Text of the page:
Cotton trading continues mixed, but all contracts settled higher he end of the first quarter of the year. Earlier the nearby May and July contracts slipped below 81 cents, but finished the week challenging the 82 cent mark. The new crop December contract clawed its way back to just below 78 cents and the week’s fundamental news purports to push the December futures contact above 78 cents, the price level we had advised to growers to begin their pricing. USDA’s annual prospective plantings report, coupled with the weekly export report and on-call sales report acted to support prices. The price objective for the May and July contracts remains at 85 cents while the objective for December sits near 80 cents.
The March USDA prospective planting report for cotton indicated that U.S. growers plan to seed 13.5 million acres in 2018. This is up seven percent from 2017 plantings or 858,000 acres. Most of the increase, 398,000 acres will be in Texas. However, all states in the Southwest region showed an increase. Mississippi, Louisiana and Virginia were the only states estimated to have planting smaller than in 2017. The market was pleasantly surprised by the estimate as evidenced by the price rally that occurred on the release. Many in the industry were concerned that plantings could reach 13.8 million acres. Thus, the estimate was at the lower end of expectations. Drought conditions continue to plague the High Plains and Rolling Plains of Texas as well as all potential plantings in Oklahoma and Kansas. Major parts of the Southeast are suffering mild drought conditions, but the expected April showers should alleviate those conditions. Of course, the Texas plains will depend on the May-early June showers over that area, much of which are currently facing extreme drought. Thus, Mother Nature still dictates the direction of the December futures price. The report can be viewed at: https://release.nass.usda.gov/reports/pspl0318.pdf.
Export sales and shipments continue to far surpass the current USDA estimates. It showed net sales for the week ended March 22nd at 373,200 bales: Upland 366,400 RB and Pima 6,800 RB. An additional 62,100 RB were sold for 2018-19 marketing year. Total sales for the year have reached 15.1 million bales. With four months (actually 18 ½ weeks) left in the marketing year that has already exceeded USDA’s export estimate of 14.8 million bales. The current pace of export sales is some 2.6 million bales ahead of the pace of a year ago this week.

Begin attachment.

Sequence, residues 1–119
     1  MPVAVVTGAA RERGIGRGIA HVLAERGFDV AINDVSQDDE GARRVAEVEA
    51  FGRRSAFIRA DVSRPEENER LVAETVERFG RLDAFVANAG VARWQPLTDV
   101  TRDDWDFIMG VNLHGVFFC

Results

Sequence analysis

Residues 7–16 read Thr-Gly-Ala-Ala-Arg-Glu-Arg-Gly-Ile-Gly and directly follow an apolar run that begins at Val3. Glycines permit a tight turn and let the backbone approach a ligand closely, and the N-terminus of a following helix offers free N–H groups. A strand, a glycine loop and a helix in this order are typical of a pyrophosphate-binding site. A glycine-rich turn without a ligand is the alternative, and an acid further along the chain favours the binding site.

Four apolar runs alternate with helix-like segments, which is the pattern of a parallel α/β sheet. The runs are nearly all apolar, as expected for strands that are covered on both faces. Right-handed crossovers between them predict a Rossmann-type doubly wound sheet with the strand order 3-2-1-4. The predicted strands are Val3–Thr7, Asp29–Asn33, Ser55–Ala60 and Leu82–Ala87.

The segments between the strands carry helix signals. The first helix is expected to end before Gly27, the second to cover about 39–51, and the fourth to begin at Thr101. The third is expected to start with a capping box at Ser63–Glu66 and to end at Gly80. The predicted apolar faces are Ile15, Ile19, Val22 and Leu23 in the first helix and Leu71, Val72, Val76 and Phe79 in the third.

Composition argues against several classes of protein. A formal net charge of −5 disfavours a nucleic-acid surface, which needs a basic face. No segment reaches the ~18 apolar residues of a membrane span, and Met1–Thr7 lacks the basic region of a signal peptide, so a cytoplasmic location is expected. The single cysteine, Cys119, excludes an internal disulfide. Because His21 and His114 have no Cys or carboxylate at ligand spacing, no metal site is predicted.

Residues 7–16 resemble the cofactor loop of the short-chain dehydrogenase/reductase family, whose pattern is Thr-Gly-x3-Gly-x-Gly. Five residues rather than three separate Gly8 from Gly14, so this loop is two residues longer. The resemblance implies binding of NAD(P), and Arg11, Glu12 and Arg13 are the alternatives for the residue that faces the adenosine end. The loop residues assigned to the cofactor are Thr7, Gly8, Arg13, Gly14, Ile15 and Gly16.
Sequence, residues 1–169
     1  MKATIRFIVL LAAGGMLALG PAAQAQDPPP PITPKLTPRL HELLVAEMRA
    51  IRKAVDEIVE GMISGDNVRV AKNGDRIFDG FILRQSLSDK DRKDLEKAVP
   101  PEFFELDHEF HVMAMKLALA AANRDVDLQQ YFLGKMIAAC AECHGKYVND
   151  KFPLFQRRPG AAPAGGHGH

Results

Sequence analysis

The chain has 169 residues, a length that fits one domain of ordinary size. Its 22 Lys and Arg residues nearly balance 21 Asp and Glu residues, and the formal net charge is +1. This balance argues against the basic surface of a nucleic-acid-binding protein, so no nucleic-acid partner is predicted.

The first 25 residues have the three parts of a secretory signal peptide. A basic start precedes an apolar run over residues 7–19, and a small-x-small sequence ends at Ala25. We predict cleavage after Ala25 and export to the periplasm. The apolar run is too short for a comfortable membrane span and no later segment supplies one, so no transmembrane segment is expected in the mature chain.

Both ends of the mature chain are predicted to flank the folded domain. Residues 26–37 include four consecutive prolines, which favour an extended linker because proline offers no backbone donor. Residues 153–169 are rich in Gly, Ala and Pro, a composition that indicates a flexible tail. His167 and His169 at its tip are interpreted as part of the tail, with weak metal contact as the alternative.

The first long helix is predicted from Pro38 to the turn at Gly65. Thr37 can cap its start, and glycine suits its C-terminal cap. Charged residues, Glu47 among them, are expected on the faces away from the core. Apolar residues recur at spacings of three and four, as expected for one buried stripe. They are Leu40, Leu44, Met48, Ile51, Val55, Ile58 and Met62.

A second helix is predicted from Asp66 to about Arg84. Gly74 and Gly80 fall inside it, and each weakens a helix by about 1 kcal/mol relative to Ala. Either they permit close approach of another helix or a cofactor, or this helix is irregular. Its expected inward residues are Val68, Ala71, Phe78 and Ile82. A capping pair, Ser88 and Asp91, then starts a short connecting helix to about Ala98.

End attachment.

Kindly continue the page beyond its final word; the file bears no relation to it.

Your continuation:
Weekly shipments were 453,200 bales: Upland 438,400 and Pima 14,800. Total shipments, the reason given by USDA for its low estimate of exports, now stand at 7.9 million bales and are now only some 350,000 bales behind the pace of last year. The current pace of shipments will likely push the shipment pace ahead of the prior year pace within two to three weeks. Thus, the April world supply demand report will likely see USDA increase its export estimate to 15.3 to 15.5 million bales. The resulting April estimate of U.S. carryover stocks should fall to some 4.9 to 4.6 million bales, compared to the current estimate of 5.5 million bales. (The lower end of the range assumes that USDA would adjust 2017 production lower.)
Mill on-call sales continue to support the market as mills increase their price fixations (buying both May and July futures). Mill on-call sales, across all contract trading months, now stand at a 159,172 contracts. With only 16 trading sessions left before the May futures contract faces first notice day, mills are expected to rapidly increase their pace of fixations. That buying activity will work to hold the May above the 81 cent level as it attempts to move to the mid 80’s.
Look to price as much as 35 percent of your 2018 crop with December at 78 cents. Granted, Mother Nature and her weatherman will dictate prices, but a good rain across the Southwest will take a nickel to a dime out of the market. Price some cotton and hope you are wrong. If you are wrong it just means the rest of your crop can be priced at even a higher level.
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